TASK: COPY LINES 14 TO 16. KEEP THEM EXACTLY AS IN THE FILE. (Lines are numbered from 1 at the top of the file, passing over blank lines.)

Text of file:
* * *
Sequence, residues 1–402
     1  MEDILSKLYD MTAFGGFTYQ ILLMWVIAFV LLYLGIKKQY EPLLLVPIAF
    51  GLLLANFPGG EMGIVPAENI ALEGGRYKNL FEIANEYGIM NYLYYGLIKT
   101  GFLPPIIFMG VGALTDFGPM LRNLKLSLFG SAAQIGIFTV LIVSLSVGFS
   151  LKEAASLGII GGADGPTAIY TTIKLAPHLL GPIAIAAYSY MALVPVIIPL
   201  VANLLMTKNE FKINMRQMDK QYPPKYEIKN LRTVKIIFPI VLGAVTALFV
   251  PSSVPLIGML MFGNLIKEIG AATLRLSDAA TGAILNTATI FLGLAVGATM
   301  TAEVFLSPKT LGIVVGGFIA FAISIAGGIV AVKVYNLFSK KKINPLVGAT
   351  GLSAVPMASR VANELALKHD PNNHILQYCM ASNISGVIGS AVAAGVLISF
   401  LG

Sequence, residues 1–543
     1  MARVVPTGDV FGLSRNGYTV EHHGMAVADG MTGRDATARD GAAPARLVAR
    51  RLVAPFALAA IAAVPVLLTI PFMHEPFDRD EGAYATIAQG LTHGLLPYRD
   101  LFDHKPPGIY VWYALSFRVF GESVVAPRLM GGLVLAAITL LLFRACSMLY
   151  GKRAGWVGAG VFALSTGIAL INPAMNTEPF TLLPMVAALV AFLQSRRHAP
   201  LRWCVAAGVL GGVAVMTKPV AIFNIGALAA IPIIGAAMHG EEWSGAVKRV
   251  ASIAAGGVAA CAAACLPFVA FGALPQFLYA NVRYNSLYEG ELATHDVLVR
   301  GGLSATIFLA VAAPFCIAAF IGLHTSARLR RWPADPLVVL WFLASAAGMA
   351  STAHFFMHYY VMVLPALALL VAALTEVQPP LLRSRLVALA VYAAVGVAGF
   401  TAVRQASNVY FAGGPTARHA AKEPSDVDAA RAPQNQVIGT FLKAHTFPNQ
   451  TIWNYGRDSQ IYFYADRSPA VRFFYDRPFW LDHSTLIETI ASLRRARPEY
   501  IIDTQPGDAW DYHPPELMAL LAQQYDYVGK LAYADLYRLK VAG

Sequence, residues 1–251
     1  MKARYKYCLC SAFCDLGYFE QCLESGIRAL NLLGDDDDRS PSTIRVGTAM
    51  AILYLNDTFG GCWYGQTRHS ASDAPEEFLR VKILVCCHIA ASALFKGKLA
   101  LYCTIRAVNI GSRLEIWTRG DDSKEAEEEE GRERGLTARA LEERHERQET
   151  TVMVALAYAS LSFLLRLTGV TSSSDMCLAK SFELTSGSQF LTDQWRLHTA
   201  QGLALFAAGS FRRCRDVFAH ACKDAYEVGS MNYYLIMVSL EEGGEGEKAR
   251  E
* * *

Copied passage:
   101  LFDHKPPGIY VWYALSFRVF GESVVAPRLM GGLVLAAITL LLFRACSMLY
   151  GKRAGWVGAG VFALSTGIAL INPAMNTEPF TLLPMVAALV AFLQSRRHAP
   201  LRWCVAAGVL GGVAVMTKPV AIFNIGALAA IPIIGAAMHG EEWSGAVKRV